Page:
Fasciola hepatica is the species of parasitic flatworms that infects the liver of various mammals, including
humans. The disease caused by the organism is called Fascioliasis or Fasciolosis. It was first reported in
1379 by Jehan de Brie. However it wasn't until the 19th century that it role in humans was explained. Eggs
from Fasciola hepatica has also been found in mummies.The disease occurs worldwide and frequently in
sheep and cattle. Fasciola hepatica is found on every continent with nearly 180 million people at risk and an
estimated 2.4 million people already infected.

The shape of the parasite looks like a leaf, with one end tapering. Each individual parasite posseses ovaries
and testes, making them hermaphroditic and able to produce fertilized eggs. The organism attaches to bile
ducts with two powerful suckers on each end of its body. The bile ducts are where the mature flukes and
release eggs. The eggs are passed out in the host's feces. At temperatures over 10 degrees Celcius, the
eggs hatch and release miracidiae within two weeks. The hatchlings must find a Lymanaea snail host within
24 hours of hatching or they will die. After identifying a host snail, the hatchling Fasciola heptica burrow in
and begin developing into sporocyst. The germinal cells of the sporocyst develop into rediae which migrate
to the hepato-pancreas of the snail. The rediae then develop into cercariae which pass through the snail
into water. Cercariae encyst apon nearby plant matter for several months, where they can be ingested by a
mammal. Once a mammal ingests these metacercariae, the pH levels of the animals stomach allow the
Metacercariae to lose their shell. The cercariae freed from their cyst capsules, burrow through the stomach
lining and find their way to the liver. The immature flukes feed on the liver tissue for 6 to 8 weeks, causing
the symptoms of acute infection. At this stage the flukes move into the bile ducts where they mature and
release eggs, completing it's life cycle.

Susceptible animal hosts for Fasciola species include:

Domestic animals: cattle, sheep, pigs, buffaloes and donkeys;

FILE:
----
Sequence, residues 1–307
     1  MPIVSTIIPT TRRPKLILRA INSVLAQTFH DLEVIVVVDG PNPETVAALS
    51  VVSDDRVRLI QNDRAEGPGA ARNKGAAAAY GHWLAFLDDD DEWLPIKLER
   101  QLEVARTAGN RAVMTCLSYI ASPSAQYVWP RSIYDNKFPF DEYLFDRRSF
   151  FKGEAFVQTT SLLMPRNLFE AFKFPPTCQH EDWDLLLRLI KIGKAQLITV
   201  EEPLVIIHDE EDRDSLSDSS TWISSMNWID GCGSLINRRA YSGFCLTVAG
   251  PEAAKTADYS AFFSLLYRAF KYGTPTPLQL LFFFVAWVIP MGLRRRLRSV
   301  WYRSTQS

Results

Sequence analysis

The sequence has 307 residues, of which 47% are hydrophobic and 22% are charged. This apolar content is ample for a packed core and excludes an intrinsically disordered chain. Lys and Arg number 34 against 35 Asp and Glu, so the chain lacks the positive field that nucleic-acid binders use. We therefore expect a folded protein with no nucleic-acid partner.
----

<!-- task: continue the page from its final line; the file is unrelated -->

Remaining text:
Other domestic animals: horses, goats, dromedaries, camels and llamas; (hares, rabbits and rodents).

The acute phase of infection in humans is characterized by the migration of immature worms through the
liver; hemorrhage and inflammation of the liver can be severe, including fever, abdominal pain, respiratory
disturbances and skin rashes. The chronic phase starts when the worms move into the bile ducts; symptoms
are nonspecific and usually mild. However, progressive inflammation, leads to fibrosis and thickening of the
walls of the ducts and gallbladder that eventually may result in blockage due to the parasites, or their debris.
In this case, abdomen pain is a characteristic symptom. Chronic infections can lead to biliary cirrhosis with
scarring and fibrosis of the liver and growth deficiencies.

Antibody detection and ELISA tests are useful especially in the early invasive stages, when the eggs are not
yet apparent in stool samples. Examinations of stool samples alone are generally not adequate because
infected victims have important clinical presentations long before eggs are found in the stool. Immunological
tests such as the ELISA are based on detection of species-specific antibodies from blood plasma.

The drug of choice is triclabendazole with bithionol as an option. The drug works against both immature and
adult parasites, with high rates of cure. Adverse reactions to treatment are usually temporary and mild.

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